Liberatory Responses to Suicide and Crisis
March 15, 2022
Liberatory Responses to Suicide and Crisis:
In this session, we will discuss the history of carceral responses to suicide and crisis. Beginning with the conflation of madness and queerness, we will explore the ways queer and trans people have been targeted by carceral psychiatric and psychological “interventions.” We will trace the persistence of this historical trauma’s legacy in current crisis response models. After grounding in historical and contemporary responses to crisis and suicide, we will imagine liberatory frameworks for responding to suicide and crisis that resist paradigms of punishment and pathology.
0:00 Speaker introduction
3:15 Discussion of difficult content
4:26 Approaching the topic of crisis
5:02 Welcoming emotional responses
5:57 Presentation agenda
6:14 The carceral history of crisis response
11:46 Psychiatric oppression
13:27 Suicide and rationality
18:56 Targeting of queer and trans people
21:31 The carceral legacy in current crisis response
23:33 State sanctioned coercion
27:31 Imagining liberatory responses
31:15 Examples of liberatory responses
36:09 What is “grave disability?”
37:52 Epistemic and testimonial injustice
41:36 What is the difference between safety planning and safety contracts?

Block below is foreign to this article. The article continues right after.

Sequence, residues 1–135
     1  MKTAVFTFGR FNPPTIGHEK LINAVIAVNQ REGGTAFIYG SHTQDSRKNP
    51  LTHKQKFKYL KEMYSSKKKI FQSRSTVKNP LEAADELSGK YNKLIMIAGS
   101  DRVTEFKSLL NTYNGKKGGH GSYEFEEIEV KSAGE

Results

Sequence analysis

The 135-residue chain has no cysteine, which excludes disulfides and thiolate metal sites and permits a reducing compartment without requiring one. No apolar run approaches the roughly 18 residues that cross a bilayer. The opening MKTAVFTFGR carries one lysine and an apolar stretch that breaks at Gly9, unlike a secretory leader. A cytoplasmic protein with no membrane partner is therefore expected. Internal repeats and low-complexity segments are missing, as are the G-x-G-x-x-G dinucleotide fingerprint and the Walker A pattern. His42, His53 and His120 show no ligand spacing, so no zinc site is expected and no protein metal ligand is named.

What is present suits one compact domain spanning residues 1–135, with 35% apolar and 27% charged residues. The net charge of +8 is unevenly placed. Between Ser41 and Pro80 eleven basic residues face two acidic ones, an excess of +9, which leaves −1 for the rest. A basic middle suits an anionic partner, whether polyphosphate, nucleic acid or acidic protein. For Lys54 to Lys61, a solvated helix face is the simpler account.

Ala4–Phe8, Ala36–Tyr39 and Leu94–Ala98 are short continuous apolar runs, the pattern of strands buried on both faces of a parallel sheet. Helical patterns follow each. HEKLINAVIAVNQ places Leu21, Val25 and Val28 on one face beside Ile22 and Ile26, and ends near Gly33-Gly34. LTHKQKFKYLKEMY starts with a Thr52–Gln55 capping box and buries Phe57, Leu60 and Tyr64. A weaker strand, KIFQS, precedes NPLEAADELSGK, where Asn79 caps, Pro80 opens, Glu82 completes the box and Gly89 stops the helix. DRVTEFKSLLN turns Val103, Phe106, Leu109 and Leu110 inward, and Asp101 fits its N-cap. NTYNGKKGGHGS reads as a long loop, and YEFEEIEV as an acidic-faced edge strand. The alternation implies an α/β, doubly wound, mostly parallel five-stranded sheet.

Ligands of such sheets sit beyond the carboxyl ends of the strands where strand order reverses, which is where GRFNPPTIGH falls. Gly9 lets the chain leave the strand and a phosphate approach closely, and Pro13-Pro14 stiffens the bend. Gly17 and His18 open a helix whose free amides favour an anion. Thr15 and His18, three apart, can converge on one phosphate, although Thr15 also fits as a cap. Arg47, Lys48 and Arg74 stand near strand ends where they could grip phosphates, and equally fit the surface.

43:57 How to challenge mandatory reporting laws
47:05 Being a health care provider with mental illness
49:43 Gatekeeping inpatient care
52:03 Gender dysphoria in the DSM-5
54:18 Sharing resources
56:38 How to work with clients who have persecutory hallucinations?
1:00:52 Thoughts on having conversations with LGBTQ+ community members around forced interventions
1:03:04 Closing thoughts on community
1:04:33 Resources/support groups for providers with mental health issues
1:07:02 Upcoming events
Presenter: Jess Stohlmann-Rainey.
I am Jess (she/her) and I love to talk about suicide. I am a mad, queer, feminist, care worker. I am a trainer and consultant, and work as Director of Peer Services at Rocky Mountain Crisis Partners (who provides the statewide crisis and peer lines, RAINN hotline, Colorado Lifeline, and others), and an instructor at the University of Denver’s School of Professional Psychology. I live as a white settler on the unceded territory of the Arapaho, Cheyenne, Núu-agha-tʉvʉ-pʉ̱ (Ute), and Očhéthi Šakówiŋ (Sioux) people, (so-called Denver, CO). In my work, I aspire to be a useful person and create pathways to intersectional, justice-based, emotional support for marginalized communities. I believe mutual aid, disability justice, abolitionist, and other liberation ideologies are integral to solve the problems that lead to suicide. Right now, I am really into talking/thinking about epistemology, capitalism, and ethics in the context of suicidology.
Recorded on March 15, 2022.